But it’s a challenge to actually do it. And I often fail at it before I succeed. Why? When I first sit down to create characters I love they come out fabulously twisted and depraved and socially awkward. But inevitably, I start to lose all confidence that readers will stick with them. I’ll invest tons of energy second-guessing their morality and editing their language. I will smooth out their rough edges and bad habits and cover up their body art. I will make them better parents. I will sweeten up their motives and switch out the shots of whiskey in their hands to a tall glasses of sweet tea. All in an effort to convince my readers they can safely embrace my paper people. They can love us (because, the truth is all of my characters are an extension of me.) We’re perfectly acceptable, if you just don’t notice that little bit of psychopath sticking out from beneath our neatly pressed collars.
Before I know it, my characters turn out like a whole new cast of the Mickey Mouse Club, chilled out on anti-depressants. They turn into cold oatmeal and nobody, not even me, wants to read about them. I’m perplexed. I loved all those super freaks when I started. What went wrong? It’s a common lament and I think I know the answer, but it might not be what you think.
The brave writers are the ones who don’t try to dress up the truth to the taste of their readers. They lay out the reality of who we are without considering the sensibilities of their readers!
Think about it. They trust that instead of being cowards, readers will do what they’ve done for as long as people have been telling stories – they’ll recognize themselves in the mistakes and sicknesses, the betrayals and selfishness, the most heartbreaking falls from grace. The most powerful characters created through literary history have all come from authors who are fearless. Can you think of them? They are made that way by one thing – their authors trusted readers. When this happens, we are all rewarded by an uncensored experience that gives the ultimate gift of human expression. What’s that? You don’t know about the gift? Buddy, I’ll tell you. It’s priceless.
But first, you should know it will cost you. Not all readers will appreciate a straight shooter. They won’t all cheer for the writer that sticks his or her head up too high, who exposes something ugly or tragic or contrary or just plain hard to look at. Because human beings judge. And we preach. And we take stands and get offended. But writers who trust their readers don’t expect accolades and awards and admiration. They expect torches and mobs, condescending emails and ranting blog posts and Twitter *%&!storms. And you’ll know a brave writer by their response to this – they’re smart enough to know that means they’ve done their job.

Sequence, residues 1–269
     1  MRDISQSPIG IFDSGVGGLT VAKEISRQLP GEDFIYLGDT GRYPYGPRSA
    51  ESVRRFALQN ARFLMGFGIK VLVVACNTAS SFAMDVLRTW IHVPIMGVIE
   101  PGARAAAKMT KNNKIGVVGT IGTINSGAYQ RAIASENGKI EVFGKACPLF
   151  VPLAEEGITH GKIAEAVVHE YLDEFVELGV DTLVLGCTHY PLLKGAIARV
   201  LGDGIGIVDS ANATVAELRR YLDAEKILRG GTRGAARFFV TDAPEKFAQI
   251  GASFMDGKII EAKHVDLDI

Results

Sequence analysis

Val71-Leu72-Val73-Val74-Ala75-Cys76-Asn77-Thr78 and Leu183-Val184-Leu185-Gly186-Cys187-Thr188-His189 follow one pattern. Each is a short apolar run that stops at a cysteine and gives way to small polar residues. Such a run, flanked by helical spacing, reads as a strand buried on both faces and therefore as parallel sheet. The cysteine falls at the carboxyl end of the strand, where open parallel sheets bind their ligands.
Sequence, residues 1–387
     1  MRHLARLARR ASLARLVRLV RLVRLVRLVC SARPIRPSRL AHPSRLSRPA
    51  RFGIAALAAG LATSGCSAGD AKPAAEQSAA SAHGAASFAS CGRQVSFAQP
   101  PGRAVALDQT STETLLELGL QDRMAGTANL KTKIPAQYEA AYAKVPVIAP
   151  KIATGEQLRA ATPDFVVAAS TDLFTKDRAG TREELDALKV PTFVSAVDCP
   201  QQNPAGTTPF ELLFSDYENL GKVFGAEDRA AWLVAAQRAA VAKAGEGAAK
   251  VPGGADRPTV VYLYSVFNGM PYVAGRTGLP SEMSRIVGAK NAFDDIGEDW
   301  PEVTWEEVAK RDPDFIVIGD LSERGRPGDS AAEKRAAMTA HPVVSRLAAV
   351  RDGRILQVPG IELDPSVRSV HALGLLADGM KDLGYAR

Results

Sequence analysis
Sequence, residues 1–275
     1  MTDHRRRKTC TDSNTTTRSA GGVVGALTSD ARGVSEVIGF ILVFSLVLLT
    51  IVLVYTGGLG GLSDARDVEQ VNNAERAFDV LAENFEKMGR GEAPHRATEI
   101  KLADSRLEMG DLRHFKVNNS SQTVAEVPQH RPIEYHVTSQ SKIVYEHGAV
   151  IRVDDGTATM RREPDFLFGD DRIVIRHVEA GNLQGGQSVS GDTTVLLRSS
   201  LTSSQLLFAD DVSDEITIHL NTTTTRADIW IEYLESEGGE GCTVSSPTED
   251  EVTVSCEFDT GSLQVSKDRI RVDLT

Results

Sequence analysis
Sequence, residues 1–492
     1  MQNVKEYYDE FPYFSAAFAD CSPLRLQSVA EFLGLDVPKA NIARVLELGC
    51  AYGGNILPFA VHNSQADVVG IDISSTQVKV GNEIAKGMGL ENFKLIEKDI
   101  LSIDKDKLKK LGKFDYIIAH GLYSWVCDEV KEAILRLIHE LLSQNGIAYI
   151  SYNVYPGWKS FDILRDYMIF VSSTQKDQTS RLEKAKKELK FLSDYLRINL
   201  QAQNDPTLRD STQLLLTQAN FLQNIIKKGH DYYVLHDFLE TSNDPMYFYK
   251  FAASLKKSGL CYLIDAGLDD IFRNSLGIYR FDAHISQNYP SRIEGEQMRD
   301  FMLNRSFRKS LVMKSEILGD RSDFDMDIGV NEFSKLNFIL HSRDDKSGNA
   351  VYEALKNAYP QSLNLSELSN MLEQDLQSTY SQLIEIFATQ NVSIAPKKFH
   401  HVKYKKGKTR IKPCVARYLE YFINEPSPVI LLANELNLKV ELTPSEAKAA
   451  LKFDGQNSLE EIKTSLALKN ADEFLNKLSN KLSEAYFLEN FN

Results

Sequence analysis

Which brings me back to my original question – why do I love the weirdo, psycho, screw up characters best? Because they’re true. They’re real. They’re more real than me, even. They are uncensored in ways that implore me to see things their way. They can do and be anything and I can experience it all with them – good, bad and ugly! I can hate them for it or love them for it, but by God, I can feel it with them. And there’s the little gem that this whole quest boils down to for me, the gift of a fearless, trusting author to all us readers – their characters create empathy in us.
Without empathy, none of our stories matter. Empathy can change the world, not just entertain it or appease it. And if I’m going to spend hours out of my life alone in my own head, staring at a screen (which, by the way, is pretty weird), I think at the very least I ought to be doing something brave enough to change the world. And myself. I ought to tell the truth.
So as I work on this next book, I hope it costs me. I hope I let my characters fly their freak flags and don’t censor a single detail to anybody’s liking. I hope I’m brave enough to write like I read, embracing my inner weirdos. All of them. And trusting that if I get it right, Twitter will let me know.
Who are your favorite weirdo characters? Do you read fearlessly? Do you write fearlessly? Would you write differently if you didn’t censor your characters?
Kimberly Brock is the award winning author of the #1 Amazon bestseller, THE RIVER WITCH (Bell Bridge Books, 2012). A former actor and special needs educator, Kimberly is the recipient of the Georgia Author of the Year 2013 Award. A literary work reminiscent of celebrated southern author Carson McCullers, THE RIVER WITCH has been chosen by two national book clubs.
Kimberly’s writing has appeared in anthologies, blogs and magazines, including Writer Unboxed and Psychology Today. Kimberly served as the Blog Network Coordinator for She Reads, a national online book club from 2012 to 2014, actively spearheading several women’s literacy efforts. She lectures and leads workshops on the inherent power in telling our stories and is founder of Tinderbox Writer’s Workshop. She is also owner of Kimberly Brock Pilates.
She lives in the foothills of north Atlanta with her husband and three children, where she is at work on her next novel. Visit her website at kimberlybrockbooks.com for more information and to find her blog.